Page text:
Mars One is going public.
The multinational space company, which once planned to fund manned missions to Mars via a reality TV show, has agreed to a reverse takeover by a Swiss company previously devoted to mobile-payment services. Shareholders in Basel-based InFin Innovative Finance AG (KCC:F) will vote on the deal Dec.2.
Once the transaction is finalized, the merged company will change its name to Mars One Ventures AG and begin trading on the Frankfurt Stock Exchange.
Current owners of Mars One will hold 97.5 percent equity in the new company, which will trade under a new symbol yet to be decided. The deal values Mars One Ventures at 107 million euros, or roughly $118 million.
Mars One initially aimed to send humans to Mars in the next 10 years, but it since has wound back that timeline. The enterprise currently consists of two entities: U.K.-based Mars One Ventures PLC and Mars One Foundation.
The latter, a Netherlands-based nonprofit, runs a public competition to select from applicants for rides to the Red Planet. That process, and the eventual planned colonization of Mars, was pitched to Endemol as a reality TV series, but the Dutch producer eventually rejected the concept.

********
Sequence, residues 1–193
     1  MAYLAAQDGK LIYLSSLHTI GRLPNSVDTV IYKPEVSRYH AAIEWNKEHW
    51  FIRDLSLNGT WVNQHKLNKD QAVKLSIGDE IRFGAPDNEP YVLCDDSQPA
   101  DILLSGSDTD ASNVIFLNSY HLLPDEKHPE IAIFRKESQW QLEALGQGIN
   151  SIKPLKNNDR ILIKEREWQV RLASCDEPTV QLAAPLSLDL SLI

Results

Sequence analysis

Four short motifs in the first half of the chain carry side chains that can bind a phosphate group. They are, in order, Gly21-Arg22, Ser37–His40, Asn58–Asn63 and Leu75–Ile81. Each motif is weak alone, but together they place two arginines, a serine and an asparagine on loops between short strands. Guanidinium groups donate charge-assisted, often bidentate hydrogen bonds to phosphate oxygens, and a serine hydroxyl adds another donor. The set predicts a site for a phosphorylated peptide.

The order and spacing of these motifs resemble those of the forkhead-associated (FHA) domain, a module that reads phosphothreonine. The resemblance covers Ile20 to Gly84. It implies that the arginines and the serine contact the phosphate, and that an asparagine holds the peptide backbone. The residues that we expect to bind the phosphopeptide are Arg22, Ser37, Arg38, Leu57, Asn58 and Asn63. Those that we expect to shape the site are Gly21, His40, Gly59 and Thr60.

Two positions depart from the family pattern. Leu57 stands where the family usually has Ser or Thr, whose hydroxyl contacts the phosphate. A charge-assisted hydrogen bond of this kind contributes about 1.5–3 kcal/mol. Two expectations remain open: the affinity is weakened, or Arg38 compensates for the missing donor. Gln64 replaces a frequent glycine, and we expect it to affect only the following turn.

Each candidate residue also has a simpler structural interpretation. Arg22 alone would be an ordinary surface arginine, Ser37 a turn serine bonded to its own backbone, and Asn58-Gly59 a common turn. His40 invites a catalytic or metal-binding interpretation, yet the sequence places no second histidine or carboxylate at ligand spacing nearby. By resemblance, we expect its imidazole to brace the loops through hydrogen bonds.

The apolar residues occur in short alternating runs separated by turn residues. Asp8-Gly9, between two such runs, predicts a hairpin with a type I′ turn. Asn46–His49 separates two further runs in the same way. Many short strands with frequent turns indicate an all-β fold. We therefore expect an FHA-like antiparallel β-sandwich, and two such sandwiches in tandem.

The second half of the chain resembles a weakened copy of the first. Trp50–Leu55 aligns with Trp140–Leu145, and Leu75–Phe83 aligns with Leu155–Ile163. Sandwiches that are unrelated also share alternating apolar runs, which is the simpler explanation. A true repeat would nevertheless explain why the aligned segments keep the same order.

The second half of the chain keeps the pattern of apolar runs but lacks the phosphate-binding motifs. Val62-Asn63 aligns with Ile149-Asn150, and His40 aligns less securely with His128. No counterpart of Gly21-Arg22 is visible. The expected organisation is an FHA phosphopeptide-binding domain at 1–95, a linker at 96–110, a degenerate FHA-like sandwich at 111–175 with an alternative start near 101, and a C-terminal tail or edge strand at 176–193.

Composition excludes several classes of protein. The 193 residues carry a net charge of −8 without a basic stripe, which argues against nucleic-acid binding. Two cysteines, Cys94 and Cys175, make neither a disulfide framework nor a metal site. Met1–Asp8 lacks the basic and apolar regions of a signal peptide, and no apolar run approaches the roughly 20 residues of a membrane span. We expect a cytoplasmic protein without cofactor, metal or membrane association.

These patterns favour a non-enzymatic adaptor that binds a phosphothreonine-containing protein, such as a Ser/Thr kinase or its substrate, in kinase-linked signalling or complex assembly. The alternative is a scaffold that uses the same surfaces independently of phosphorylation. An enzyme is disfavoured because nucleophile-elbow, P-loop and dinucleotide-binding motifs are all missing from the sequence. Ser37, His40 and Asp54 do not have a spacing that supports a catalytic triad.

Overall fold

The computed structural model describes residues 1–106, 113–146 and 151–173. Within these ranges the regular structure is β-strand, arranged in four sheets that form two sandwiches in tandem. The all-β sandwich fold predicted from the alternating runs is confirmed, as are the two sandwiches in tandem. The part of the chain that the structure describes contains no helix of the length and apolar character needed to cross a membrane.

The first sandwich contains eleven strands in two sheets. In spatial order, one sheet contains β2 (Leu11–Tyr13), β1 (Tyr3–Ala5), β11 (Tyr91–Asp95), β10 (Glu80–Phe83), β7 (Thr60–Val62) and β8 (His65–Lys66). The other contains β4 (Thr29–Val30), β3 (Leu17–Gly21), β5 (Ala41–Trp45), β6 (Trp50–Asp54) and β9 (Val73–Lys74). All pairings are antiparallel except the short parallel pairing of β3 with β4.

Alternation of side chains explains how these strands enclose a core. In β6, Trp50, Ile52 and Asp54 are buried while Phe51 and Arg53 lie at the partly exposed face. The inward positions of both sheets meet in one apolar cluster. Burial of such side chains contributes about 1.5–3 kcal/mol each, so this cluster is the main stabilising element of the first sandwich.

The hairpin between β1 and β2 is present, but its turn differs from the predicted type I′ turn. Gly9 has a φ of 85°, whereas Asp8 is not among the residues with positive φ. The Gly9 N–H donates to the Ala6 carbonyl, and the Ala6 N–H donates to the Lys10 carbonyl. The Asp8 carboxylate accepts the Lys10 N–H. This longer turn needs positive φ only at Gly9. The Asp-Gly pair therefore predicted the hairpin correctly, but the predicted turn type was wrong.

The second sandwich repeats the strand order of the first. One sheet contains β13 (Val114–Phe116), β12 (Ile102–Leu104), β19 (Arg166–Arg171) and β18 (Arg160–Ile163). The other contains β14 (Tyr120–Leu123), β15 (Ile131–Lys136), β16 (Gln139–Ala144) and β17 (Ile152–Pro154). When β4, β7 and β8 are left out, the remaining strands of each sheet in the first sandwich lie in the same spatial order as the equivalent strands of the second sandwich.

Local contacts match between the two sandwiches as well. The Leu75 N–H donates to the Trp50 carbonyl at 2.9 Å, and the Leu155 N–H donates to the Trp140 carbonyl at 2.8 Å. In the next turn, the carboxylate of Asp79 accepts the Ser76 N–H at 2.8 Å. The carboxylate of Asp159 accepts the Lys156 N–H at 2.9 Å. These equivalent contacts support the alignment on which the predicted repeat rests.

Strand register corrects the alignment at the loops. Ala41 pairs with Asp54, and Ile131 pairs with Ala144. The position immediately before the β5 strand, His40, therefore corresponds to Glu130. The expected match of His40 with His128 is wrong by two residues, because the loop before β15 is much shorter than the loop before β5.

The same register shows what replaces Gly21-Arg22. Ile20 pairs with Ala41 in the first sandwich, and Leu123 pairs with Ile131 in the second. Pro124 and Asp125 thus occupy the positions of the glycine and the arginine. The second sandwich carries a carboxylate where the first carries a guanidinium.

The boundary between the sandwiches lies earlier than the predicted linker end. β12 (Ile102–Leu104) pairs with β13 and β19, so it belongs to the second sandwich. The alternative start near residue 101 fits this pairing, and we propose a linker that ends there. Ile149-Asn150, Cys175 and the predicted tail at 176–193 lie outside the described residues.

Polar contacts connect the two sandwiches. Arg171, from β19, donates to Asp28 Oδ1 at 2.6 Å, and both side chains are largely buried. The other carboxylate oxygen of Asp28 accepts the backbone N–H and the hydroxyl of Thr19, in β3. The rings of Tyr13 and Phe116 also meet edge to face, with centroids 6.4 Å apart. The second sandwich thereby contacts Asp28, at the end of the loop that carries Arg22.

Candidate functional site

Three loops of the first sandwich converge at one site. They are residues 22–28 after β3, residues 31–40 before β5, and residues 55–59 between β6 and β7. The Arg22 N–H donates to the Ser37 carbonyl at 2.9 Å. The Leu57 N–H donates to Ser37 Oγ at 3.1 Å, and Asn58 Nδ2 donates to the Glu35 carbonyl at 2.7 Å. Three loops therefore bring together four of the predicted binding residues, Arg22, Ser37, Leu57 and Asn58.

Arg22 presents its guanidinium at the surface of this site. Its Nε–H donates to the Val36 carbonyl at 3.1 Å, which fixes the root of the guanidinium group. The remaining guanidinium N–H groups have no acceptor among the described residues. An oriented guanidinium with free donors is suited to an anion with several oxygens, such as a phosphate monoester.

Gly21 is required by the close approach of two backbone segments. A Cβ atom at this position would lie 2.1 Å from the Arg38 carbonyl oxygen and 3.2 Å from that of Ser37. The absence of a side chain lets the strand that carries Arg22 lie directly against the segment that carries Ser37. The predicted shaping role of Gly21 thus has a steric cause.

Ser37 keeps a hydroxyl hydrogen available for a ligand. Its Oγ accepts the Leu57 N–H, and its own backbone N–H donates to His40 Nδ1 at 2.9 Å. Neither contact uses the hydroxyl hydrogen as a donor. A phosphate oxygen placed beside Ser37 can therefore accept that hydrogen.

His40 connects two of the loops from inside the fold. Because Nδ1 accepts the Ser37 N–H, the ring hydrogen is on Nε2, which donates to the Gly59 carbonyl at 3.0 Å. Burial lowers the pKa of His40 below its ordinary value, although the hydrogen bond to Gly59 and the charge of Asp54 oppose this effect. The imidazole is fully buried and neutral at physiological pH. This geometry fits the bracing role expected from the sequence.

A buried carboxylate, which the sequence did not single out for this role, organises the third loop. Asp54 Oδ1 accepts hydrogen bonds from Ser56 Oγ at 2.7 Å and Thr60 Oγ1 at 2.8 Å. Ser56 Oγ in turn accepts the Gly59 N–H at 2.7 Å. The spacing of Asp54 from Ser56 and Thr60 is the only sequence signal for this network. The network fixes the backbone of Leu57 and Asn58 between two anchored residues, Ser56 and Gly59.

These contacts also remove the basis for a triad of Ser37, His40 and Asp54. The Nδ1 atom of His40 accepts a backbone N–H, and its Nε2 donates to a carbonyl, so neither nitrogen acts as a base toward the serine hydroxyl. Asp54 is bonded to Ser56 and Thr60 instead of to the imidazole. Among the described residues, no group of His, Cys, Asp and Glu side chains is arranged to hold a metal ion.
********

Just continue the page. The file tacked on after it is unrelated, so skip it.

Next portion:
Launched by Dutch entrepreneur Bas Lansdorp in 2012, Mars One has a CEO search under way and is run by a board composed in large part of European scientists and academics. Initially, Lansdorp will serve both as chairman and chief of Mars One Ventures.
Mars One has drawn broad scorn for its perceived over-promising with regard to timelines and a lack of details on how it will accomplish its goals. The ability to tap into public capital may help address the question of mission execution, though skeptics will point to this statement deep in the news release about the takeover as evidence of more Earth-bound aims.
“Mars One Ventures holds the exclusive monetization rights around the Mars One mission,” the companies said. “There are many revenue possibilities around the mission to Mars — merchandise, ads on video content, broadcasting rights, partnerships, Intellectual Property, events, games, apps and many more.”
The heads of the respective companies stressed both loftier aims and more fiduciary concerns.
“This step provides the opportunity to raise (and) supports our aim to attract international support to establish a permanent human settlement on Mars,” Lansdorp said. “Our global followers will have the opportunity to be part of this adventure and to literally own a piece of this historic venture. We have a solid business based on our historical performance that might be of interest to anyone looking for diversification of their investment portfolio.”
Said InFin chief Moritz Hunzinger: “We are delighted having closed this transaction. We feel confident that the international brand recognition of Mars One, combined with InFin as a listed vehicle at a regulated market as a capital raising platform, will in time deliver long-term sustainable returns to our existing and future shareholders.”